“But but but … you have EqualLogic. Can’t you use it instead?”. Look, I’m so glad you asked :). EQL is actually a great fit here but one snag, it’s iSCSI only (which works exceptionally well but some of you just have to have fibre in your diet).

Right Sized Solutions for the Enterprise

Another sweet spot for the SC4020 is Enterprise’s that want the Compellent goodness out at branch or remote offices but the full sized SC8000 might seem like overkill, and cost is important. The SC4020 can replicate to an SC8000 or vice versa and the disk configuration does not need to match at each site, just make sure you have enough space. Compellent replication is very flexible, sync, async, near sync, kitchen sink, cascade – the whole lot. Think of it this way, we could easily have a solution with 8 SC4020s spread out over various sites and distances replicating back to a larger SC8000 in the main office or a hosted/managed DC managed by the customer or Dell.

FATPOD – My new favourite IT acronym

FATPOD – Flash At The Price Of Disk, awesome. I can’t actually believe I hadn’t noticed that acronym myself. It’s great. The other one is AFA – All Flash Array but FATPOD wins fat hands down. [Dell Hat On]Right now, this is what sets Dell Storage apart in the market at the moment is the way we can mix multiple SSD types and spinning disk to make it go like the clappers but still have lots of capacity to store all your downloads.[Dell Hat Off]

One of the key advantages to the Compellent platform is the way it can optimise and combine write optimised and read optimised flash (SSD) so it appears as one tier to your applications. This gives you the blinding performance SSD can give with the price/capacity benefits usually only available with slower spinning drives.

The SSD tier uses a mix of write optimised (WI) SLC drives and read optimised (RO) eMLC drives. Currently the WI drives are 400GB and the RO drives are 1.6TB, both are 2.5 inch drives so we can 24 in one shelf.

For example, a full shelf of flash with 6 x SLC and 18 x MLC will give you approx 24TB of usable space and about 80,000 to 100,000 IOPS at 80%/20% R/w. Not too shabby at all.

The WI/RO (SLC/MLC) mix allows us to hit such a good price point per GB. Imagine if your branch office had more IOPS than your prod array :)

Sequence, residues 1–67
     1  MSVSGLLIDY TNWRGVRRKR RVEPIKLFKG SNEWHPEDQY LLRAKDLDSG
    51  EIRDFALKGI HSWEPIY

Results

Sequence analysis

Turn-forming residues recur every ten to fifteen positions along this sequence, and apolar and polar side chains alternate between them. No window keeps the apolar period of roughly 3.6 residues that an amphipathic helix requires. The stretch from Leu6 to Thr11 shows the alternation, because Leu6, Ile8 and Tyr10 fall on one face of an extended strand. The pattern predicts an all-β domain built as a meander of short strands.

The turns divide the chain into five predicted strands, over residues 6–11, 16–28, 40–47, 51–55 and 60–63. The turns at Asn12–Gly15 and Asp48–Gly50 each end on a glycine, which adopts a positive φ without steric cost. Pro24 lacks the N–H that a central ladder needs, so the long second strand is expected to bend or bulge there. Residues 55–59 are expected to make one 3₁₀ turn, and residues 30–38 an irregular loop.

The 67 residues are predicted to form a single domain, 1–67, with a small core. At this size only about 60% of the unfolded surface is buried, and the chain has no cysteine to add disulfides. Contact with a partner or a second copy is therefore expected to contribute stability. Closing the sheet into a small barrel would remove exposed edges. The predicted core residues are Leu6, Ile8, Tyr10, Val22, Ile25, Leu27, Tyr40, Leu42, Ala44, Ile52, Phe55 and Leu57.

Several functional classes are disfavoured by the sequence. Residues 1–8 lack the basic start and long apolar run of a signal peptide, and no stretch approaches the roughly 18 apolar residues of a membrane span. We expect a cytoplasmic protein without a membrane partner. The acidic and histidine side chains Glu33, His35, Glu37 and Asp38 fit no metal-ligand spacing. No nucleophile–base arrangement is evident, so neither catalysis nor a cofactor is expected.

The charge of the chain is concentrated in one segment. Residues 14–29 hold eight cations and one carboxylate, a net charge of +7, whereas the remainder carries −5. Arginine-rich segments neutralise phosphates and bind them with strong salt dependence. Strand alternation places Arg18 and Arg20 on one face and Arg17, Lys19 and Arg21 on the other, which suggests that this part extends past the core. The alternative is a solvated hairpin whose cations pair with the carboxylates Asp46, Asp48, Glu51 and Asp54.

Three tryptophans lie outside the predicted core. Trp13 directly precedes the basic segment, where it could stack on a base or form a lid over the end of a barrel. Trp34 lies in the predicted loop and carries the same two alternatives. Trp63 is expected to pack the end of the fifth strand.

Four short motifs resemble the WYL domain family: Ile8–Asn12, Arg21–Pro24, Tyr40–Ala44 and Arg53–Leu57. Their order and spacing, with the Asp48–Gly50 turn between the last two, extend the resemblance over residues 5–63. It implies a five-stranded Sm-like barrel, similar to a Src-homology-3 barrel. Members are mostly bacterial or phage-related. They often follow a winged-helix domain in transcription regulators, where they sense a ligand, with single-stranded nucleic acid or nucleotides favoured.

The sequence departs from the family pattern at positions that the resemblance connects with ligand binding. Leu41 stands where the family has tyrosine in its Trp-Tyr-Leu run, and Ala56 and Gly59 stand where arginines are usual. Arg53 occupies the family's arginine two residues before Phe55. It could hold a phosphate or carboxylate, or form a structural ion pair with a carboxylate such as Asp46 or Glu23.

Initial tests in the labs shows the box has legs, using All Flash the engineers were able to max the array out at around 300,000 IOPS for 100% read workload and about 200,000 IOPS with a 70%/30% read/write ratio. Expect more offical numbers to be released over the next couple of days.

The beauty of Data Progression in the SC4020 is you can be flexible how much flash and spinning you put into the array, it just comes down to what you need the array to do, and if you need to grow it just add more disk. The pool structure of Compellent allows you to dynamically add new drives on the fly and they get assimilated into the exiting pool – restriping baby.

If you want to read more about FATPOD try this brochure from Dell or see Infoworlds review on it.

Now, imagine you are at home, in a bath, naked except for your socks, holding some wet pizza. Not pleasant is it. Stop.

Perpetual Licensing

The licensing is the same as it has always been with Compellent, you buy the licenses and you get to keep them, simple right? Well it turns out a lot of folks don’t find it simple, I think mainly because everyone is programmed to expect to buy licenses every time they buy a new array. The Dell position on this is very different. You buy your Compellent and license the features you want, when it comes time to replace that array, you reuse your existing licenses. In our eyes its still the same array it’s just that it’s been refreshed. On top of that, if you reach the max limit of an SC8000 and you need to scale out all good, you can leverage the licensing in the first array so that the price is much lower. There is a small expansion cost but it’s nothing like the cost of licensing a whole new array. Do a google search on Compellent perpetual licensing and no forklift upgrade and you’ll find heaps of info as it has been around for years.

In terms of licensing the SC4020, the base license enables you for 48 drives, then there are two additional license packs

  • Performance Bundle: Includes Data Progression, Fast Track
  • Remote Data Protection Bundle: Includes Remote Instant Replay (Sync & Async)

As with the SC8000, you only need to license up to 96 drives.

The SC4020 array will be supported exactly the same way the SC8000 is supported by Dell’s award winning Co-pilot support org which is great news for customers … and also the guys selling it :)

The launch at Kinglseys Steakhouse on Monday with some Customers, Press and Analysts.